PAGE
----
September 25, 2023.Thank you for reading this post, don't forget to subscribe!
For failing to meet 32.5 per cent Cash Reserve Requirement (CRR) threshold, the Central Bank of Nigeria (CBN) debited 10 banks N1.62 trillion in the first six months of 2023.
The 10 banks are: Zenith Bank Plc, United Bank for Africa (UBA), Guaranty Trust Holding Company Plc (GTCO), and FBN Holdings Plc.
Others were: FCMB Group Plc Fidelity Bank Plc, Stanbic IBTC Holding Plc, Wema Bank Plc, Sterling and Unity bank Plc.
CRR is the minimum amount banks and merchant banks are expected to retain with the CBN from customer deposits and it carries no interest and is not available for use by the banks in their day-to-day operations.
THISDAY analysis of the banks’ result and accounts for period ended June 30, 2023, showed that the 10 banks’ mandatory reserve deposit with Central Bank in 2022 full financial year stood at N9.11 trillion compared with N7.49 trillion reported as of June 30, 2023.
THISDAY investigation revealed that within the first six months of 2023, the apex bank debited the 10 banks an estimated N1.62trillion.
THISDAY gathered that Zenith Bank restricted deposit with CBN added N580.49 billion in six months when it closed June 30, 2023 at N2.25 trillion from N1.67 trillion in 2022 FY.
UBA followed Zenith bank with about N356.37billion debited by the CBN in first six months of 2023 to N1.64 trillion from N1.28 trillion reported in 2022 FY.
As GTCO’s mandatory deposit with CBN reached N1.22 trillion, representing an increase of N208.5 billion from N1.01 trillion in 2022,.
On its part, FBN Holdings closed the period under review with N199.91 billion added to it mandatory reserve deposit with Central Bank.
“Despite the pressure from competition and the need to cover for regulatory CRR debits, the Group maintained average liquidity ratio of 36.6% during the period under review,” GTCO explained in a presentation.
FBN Holdings closed June 30, 2023 with N1.76 trillion mandatory reserve deposit with Central Bank from N1.56 trillion in 2022.
Unity bank was the only Tier-II bank that reported N3.66 billion mandatory reserve deposit with Central Bank to N69.05 billion as of June 30, 2023 from N72.71 billion reported in 2022 full financial year.
Hitherto, analysts had called on the CBN to consider reducing the CRR for banks from 32.5 per cent to 25 per cent in view of the high monetary policy rate (MPR).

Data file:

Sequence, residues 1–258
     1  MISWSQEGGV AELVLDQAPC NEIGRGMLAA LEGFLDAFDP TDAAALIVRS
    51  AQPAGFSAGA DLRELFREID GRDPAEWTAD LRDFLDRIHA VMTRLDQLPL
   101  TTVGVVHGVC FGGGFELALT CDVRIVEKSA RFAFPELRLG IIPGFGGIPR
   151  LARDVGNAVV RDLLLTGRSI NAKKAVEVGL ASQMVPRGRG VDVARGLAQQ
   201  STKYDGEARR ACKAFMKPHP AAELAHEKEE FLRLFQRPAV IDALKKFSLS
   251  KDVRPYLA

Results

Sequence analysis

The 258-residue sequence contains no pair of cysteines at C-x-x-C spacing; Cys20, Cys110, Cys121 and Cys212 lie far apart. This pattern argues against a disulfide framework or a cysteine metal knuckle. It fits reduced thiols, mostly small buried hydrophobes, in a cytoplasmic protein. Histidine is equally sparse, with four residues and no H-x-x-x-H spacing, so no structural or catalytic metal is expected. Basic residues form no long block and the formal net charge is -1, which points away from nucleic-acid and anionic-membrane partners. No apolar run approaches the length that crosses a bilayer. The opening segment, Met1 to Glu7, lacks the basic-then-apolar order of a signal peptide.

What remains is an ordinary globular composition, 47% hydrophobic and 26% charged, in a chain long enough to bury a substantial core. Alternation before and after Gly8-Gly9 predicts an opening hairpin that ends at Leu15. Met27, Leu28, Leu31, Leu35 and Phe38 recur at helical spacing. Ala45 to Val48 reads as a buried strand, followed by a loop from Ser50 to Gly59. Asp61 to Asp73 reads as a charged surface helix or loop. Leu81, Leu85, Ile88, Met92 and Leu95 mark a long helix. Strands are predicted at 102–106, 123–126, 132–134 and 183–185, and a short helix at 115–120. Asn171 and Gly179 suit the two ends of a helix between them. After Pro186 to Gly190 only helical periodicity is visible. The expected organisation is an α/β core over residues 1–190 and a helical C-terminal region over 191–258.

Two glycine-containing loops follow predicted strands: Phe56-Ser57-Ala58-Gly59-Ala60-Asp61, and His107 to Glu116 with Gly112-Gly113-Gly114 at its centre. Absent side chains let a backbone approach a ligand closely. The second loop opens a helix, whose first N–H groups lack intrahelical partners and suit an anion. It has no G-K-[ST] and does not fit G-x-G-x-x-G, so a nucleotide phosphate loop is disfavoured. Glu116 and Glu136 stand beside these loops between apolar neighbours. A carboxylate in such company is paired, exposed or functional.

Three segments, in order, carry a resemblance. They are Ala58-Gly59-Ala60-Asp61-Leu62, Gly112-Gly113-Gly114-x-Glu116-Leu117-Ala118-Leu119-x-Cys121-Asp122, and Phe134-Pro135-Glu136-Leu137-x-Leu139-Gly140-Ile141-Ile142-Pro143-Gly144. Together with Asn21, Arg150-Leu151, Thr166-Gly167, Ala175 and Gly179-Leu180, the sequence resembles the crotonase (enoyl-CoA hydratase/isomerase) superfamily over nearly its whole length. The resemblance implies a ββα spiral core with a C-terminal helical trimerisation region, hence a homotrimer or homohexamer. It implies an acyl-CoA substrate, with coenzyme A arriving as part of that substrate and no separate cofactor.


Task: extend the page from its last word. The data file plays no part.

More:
The Monetary Policy Committee (MPC) of the CBN last September increased CRR from 27.5 per cent to 32.5 per cent in a move to tame inflationary pressure.
According to Analysts, the debiting from commercial lenders has become frequent in recent time as the CBN trying to curb speculation against the local currency as the country’s foreign exchange reserves continue to drop.
Fitch Ratings, global rating agency had said that banks are facing tough times due to CRR policy limiting their capacity to grant loans to customers.
“The CBN has been highly interventionist,” said Mahin Dissanayake, Senior Director for Europe, Middle East and Africa bank ratings at Fitch, said.
“Where peers like South Africa and Kenya followed the global trend of giving banks more room to lend, Nigeria hasn’t budged. Instead, it stuck with a CRR that compels lenders to park keep a portion of their deposits with the regulator.
“Failure to meet the threshold results in the regulator debiting banks’ accounts with the shortfall. The central bank also dips into the accounts when lenders fail to extend 65 per cent of their deposits as loans, a measure that was introduced to stimulate credit. The rules “are aimed at two different monetary policies,” he said, adding, “They are conflicting.”
Speaking, the Vice President, Highcap Securities Limited, Mr. David Adnori said the apex bank is using CRR to control inflation, stressing that the introduction of CRR is a drastic monetary policy targeted at controlling money supply in the banking system.
According to him: “If CBN fails to maintain its CRR policy, so much money will flow into the market and further deprecates naira. Generally, the policy has not favoured banks because the fund is not yielding any interest and of no benefit to the productive sector.
“These are funds banks lend to the real sector to drive business activities, finance working capital of productive sector and boost GDP but the CBN is holding it down.
“It is not a good development for the nation’s economy in general. However, CBN has its reasons and releasing these funds, it might result in hyperinflation, which can damage the nation’s economy. It is like a double edge situation- if you don’t do it, the economy is damaged and if you do it, the economy also struggles.”
He noted that the only way CBN can cut CRR is when inflation dropped to a single-digit rate.
Analysts at Agusto & Co in a report said the CBN’s policies targeted at lowering interest rates have persisted especially given the dire need to stimulate the economy following adversities created by the pandemic.
According to Agusto & Co, “It is noteworthy that Nigeria has the highest reserve requirement in sub-Saharan Africa. South Africa, Kenya and Ghana all have CRR’s of below 10per cent. We believe the elevated CRR level moderated the Industry’s performance and liquidity position during the year under review.” (www.naija247news.com).